Computers that could harness the fuzziness of the quantum world could breeze in minutes through computations that would take today's supercomputers billions of years to crunch. So far, quantum computing researchers have managed to carry out a few simple logic operations in the quantum regime, but that has typically required roomfuls of lasers, magnets, or other control equipment. In this week's Nature, however, a team of researchers describe a simple, solid-state device that functions as the key component of a quantum computer.
Like all quantum computing schemes, this one makes use of the fact that a quantum system--such as the magnetic orientation of an atomic nucleus, or the location of an electron--can exist as a superposition of all its possible states at once. Unlike the classical bits of data in a computer, which are decidedly either a zero or a one, qubits hover in an indecisive fog somewhere between these two values. When this fuzzy two-state bit is plugged into a logical operation, the computer in essence computes both outcomes simultaneously.
To create a qubit in a solid-state device, physicist Yasunobu Nakamura of the NEC Fundamental Research Laboratory in Tsukuba, Japan, and his colleagues resorted to superconductors, whose electrons all share the same quantum state and travel together in pairs. They designed a set of tiny superconducting electrical components that enabled single electron pairs to jump between a tiny bar-shaped metal island and a nearby metal reservoir. Applying a brief voltage pulse to a control electrode allows the superconducting electron pairs to oscillate back and forth between the two locations, representing the one and zero of a digital system. To read out the electrons' location, they apply a continuous voltage to a so-called DC electrode. This boosts the energy level of electron pairs on the island, causing them to break their superconducting bond to one another and hop to a nearby probe, which then channels them to a detector.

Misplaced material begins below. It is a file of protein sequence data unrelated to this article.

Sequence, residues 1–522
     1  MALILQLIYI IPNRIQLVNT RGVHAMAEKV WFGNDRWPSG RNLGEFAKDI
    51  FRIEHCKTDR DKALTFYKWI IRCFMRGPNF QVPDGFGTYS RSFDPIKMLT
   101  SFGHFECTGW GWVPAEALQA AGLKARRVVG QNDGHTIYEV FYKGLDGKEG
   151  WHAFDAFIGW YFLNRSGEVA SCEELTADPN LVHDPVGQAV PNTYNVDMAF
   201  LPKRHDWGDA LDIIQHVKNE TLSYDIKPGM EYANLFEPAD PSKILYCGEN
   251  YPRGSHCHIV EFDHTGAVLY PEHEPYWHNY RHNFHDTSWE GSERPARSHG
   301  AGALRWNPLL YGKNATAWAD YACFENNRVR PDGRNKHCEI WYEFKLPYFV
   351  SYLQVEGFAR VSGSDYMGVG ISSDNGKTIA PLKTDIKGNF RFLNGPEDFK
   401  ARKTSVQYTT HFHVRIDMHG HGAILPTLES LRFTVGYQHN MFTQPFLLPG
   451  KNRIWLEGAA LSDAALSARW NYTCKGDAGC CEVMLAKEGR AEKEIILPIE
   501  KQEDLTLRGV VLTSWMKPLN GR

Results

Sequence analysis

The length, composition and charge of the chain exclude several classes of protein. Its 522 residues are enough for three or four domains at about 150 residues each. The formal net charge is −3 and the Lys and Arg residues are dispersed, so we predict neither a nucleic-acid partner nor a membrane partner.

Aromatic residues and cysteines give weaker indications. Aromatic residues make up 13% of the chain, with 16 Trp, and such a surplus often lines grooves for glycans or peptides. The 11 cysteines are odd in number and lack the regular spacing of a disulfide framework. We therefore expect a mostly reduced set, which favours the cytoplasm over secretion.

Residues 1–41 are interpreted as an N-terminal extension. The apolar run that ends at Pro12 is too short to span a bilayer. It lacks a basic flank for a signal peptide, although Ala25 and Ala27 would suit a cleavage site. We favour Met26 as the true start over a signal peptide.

"It's an extremely significant success," says David Awschalom, a physicist at the University of California, Santa Barbara. "It opens the door to building a solid-state quantum computer that's scalable. In computing, that's the name of the game." Still, Awschalom and others caution that making complex solid-state quantum computers is still many years away, and researchers must first learn how to keep their quantum data from decaying almost the instant they're made.